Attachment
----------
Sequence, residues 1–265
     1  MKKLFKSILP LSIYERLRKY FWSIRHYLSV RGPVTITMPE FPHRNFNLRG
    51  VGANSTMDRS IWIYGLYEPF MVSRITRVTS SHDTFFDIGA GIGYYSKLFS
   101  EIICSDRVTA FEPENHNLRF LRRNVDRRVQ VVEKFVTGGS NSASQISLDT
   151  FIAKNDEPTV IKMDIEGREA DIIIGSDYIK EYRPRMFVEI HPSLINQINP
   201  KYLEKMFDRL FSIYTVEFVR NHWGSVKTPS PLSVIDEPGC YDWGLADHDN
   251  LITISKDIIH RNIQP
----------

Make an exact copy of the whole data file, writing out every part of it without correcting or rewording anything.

Sequence, residues 1–265
     1  MKKLFKSILP LSIYERLRKY FWSIRHYLSV RGPVTITMPE FPHRNFNLRG
    51  VGANSTMDRS IWIYGLYEPF MVSRITRVTS SHDTFFDIGA GIGYYSKLFS
   101  EIICSDRVTA FEPENHNLRF LRRNVDRRVQ VVEKFVTGGS NSASQISLDT
   151  FIAKNDEPTV IKMDIEGREA DIIIGSDYIK EYRPRMFVEI HPSLINQINP
   201  KYLEKMFDRL FSIYTVEFVR NHWGSVKTPS PLSVIDEPGC YDWGLADHDN
   251  LITISKDIIH RNIQP